Are Hepatitis C “intentional exposure” Criminalization Laws on the Horizon?

HEAL Blog is the recipient of the ADAP Advocacy Association’s 2015-2016 ADAP Social Media Campaign of the Year Award
By: Marcus J. Hopkins, Blogger

One of my favorite things about growing up in the 1980s/90s was hearing all about how “…this guy spit on someone, and it turned out…he had HIV.”

Inevitably, the “guy” they were talking about was supposedly arrested and charged with a felony for trying to infect someone with AIDS, and everyone would gasp in horror – how DARE someone try to spread AIDS by spitting on an innocent bystander?! If I happened to be in or around the group talking about this, I would always (not so calmly) explain to them that it is a scientific improbability that one could transmit the HIV virus by way of spit, because the concentration of the virus in spit is so low that there is almost a 0% chance that it can be transmitted outside of incredibly extreme circumstances and a concerted effort. Mind you, this was back in the late-80s/early-90s, when the AIDS panic was still in full swing. Even THEN, I wasn’t stupid enough to believe this kind of nonsense.

States that criminalize biting, spitting, or throwing of bodily fluids by people who have HIV

Little did I know, at the time, that these kinds of arrests were an actual thing. In 2017, there were 16 states that criminalize spitting, biting, and blood exposure for HIV-infected citizens (The Center for HIV Law & Policy, 2017).

I mean…

It’s 2018. These laws aren’t even based on good science!

So, because everything is awful, and America is totally known for basing their laws on good data and research, of course these fatuous laws would be extended to Hepatitis C (HCV) – one of the least effectively externally transmitted viruses.

Photo of a 27-year old man with Hepatitis C charged with spitting at Cleveland police officers.In Cleveland, OH, for example, a 27-year-old man who was drunk has been charged with First Degree Felonious Assault…for spitting on a police officer. He’s being held on $75,000 bond in the Cuyahoga County Jail, because he was drunk and spat in a police officer’s face while being put into an ambulance (Jankowski, 2018). Matthew Wenzler, the accused, has been called a “carrier” of HCV, and Cleveland Police reports state that they were “told” he is a “heroin addict.”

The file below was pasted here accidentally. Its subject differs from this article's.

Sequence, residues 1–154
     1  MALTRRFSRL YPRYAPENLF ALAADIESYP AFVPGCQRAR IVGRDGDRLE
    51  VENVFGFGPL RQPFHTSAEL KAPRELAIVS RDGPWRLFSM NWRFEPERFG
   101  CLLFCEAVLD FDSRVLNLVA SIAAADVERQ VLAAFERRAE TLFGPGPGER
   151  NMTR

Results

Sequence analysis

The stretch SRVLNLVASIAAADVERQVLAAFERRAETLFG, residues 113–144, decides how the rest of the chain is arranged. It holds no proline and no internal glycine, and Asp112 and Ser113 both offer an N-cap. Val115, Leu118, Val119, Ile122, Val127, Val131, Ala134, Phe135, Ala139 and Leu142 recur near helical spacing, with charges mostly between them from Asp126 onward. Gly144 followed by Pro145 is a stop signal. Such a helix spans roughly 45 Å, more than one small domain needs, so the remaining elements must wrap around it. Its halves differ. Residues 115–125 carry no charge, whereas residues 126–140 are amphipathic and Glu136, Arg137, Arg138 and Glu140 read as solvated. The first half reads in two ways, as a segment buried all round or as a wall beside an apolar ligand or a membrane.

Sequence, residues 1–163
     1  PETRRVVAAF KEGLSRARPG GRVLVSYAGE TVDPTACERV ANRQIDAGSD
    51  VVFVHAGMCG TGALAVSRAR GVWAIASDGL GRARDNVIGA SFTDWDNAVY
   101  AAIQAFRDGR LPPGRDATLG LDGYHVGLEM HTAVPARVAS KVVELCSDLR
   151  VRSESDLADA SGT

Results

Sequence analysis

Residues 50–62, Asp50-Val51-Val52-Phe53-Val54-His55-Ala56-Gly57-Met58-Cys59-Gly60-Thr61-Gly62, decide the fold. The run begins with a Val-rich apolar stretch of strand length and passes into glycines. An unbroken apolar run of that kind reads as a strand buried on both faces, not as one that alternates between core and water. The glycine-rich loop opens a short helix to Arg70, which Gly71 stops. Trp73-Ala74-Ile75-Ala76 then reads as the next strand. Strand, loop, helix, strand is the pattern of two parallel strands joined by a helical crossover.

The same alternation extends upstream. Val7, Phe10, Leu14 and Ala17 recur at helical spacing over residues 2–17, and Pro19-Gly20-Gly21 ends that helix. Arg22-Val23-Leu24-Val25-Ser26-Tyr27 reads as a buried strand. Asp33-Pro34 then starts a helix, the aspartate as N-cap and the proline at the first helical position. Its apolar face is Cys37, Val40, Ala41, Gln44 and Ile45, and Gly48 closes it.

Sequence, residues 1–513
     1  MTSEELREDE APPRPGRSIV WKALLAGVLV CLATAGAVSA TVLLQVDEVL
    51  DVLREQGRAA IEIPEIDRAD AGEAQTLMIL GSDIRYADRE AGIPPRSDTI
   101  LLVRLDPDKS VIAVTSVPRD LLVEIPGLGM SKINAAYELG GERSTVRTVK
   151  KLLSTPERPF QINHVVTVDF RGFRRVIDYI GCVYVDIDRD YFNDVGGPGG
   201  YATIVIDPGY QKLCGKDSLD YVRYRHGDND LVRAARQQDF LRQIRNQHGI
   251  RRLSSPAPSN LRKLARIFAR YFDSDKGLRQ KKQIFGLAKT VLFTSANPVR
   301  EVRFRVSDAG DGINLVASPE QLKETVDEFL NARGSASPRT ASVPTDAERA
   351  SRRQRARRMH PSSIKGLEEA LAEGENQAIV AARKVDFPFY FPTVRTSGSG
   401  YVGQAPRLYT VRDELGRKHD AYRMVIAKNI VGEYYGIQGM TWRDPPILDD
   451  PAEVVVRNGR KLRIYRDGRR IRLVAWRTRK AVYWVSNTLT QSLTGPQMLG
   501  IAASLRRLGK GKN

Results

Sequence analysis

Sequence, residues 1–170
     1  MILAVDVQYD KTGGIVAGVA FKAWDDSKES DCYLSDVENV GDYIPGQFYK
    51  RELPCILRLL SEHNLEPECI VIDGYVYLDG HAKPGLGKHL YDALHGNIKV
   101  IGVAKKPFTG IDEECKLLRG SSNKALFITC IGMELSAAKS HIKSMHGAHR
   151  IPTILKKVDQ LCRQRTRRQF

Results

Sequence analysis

This isn’t even the first time Ohio has prosecuted someone for Spitting While HCV – in both State v. Price (2005) and State v. Bailey (1992), Ohio courts have upheld convictions for assault for spitting in an officer’s mouth. The neighboring state, Indiana, classifies Spitting While HCV as Class 5 or 6 felony battery…but only:

…if the accused in a rude, angry, or insolent manner places bodily fluid/waste on another person AND knew or recklessly failed to know that his or her bodily waste or fluid was infected with hepatitis [for Class 6].

…if the accused in a rude, angry, or insolent manner places bodily fluid/waste on another person AND knew or recklessly failed to know that his or her bodily waste or fluid was infected with hepatitis AND places the bodily fluid/waste on a public safety official [for Class 5] (Paukstis, 2017).

In South Dakota, a (Republican) state lawmaker has introduced legislation to make the transmission of HCV a Class 3 Felony punishable by up to 15 years in a state penitentiary and a $30,000 fine (Mercer, 2018). What makes this trouble is that this legislation is for “intentional exposure” which applies to “…transferring, donating or providing blood, tissue, organs or other infectious body parts or fluids” (Mercer). For anyone who’s paid attention over the past two years, the transplantation of HCV-infected organs has been repeatedly done, because there is now a functional cure for the disease. These organs are desperately needed at a time when the disease can be cured, and this legislation would making numerous people criminally liable for completing these procedures – the donor and anyone who approved or performed the transplant.

It should go without saying that criminalization of Viral Hepatitis (of any variety) and HIV is based not on good data or science, but upon efforts to shame and stigmatize those with the disease. It’s time for this nonsense to stop.

References

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Disclaimer: HEAL Blogs do not necessarily reflect the views of the Community Access National Network (CANN), but rather they provide a neutral platform whereby the author serves to promote open, honest discussion about Hepatitis-related issues and updates. Please note that the content of some of the HEAL Blogs might be graphic due to the nature of the issues being addressed in it.

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